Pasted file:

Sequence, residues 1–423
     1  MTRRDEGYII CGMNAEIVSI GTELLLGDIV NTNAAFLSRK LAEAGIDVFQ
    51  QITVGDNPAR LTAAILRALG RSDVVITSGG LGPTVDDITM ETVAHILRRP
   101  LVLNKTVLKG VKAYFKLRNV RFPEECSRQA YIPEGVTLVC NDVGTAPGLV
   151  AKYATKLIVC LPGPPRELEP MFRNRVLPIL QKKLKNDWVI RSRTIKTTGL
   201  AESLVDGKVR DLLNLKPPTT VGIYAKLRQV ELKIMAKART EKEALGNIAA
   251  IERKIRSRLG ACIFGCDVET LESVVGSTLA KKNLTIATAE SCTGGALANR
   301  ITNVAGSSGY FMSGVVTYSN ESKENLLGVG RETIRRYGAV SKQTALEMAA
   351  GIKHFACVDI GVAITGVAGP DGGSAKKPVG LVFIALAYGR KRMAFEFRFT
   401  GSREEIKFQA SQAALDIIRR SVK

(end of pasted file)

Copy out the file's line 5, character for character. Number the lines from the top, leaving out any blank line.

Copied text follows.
   151  AKYATKLIVC LPGPPRELEP MFRNRVLPIL QKKLKNDWVI RSRTIKTTGL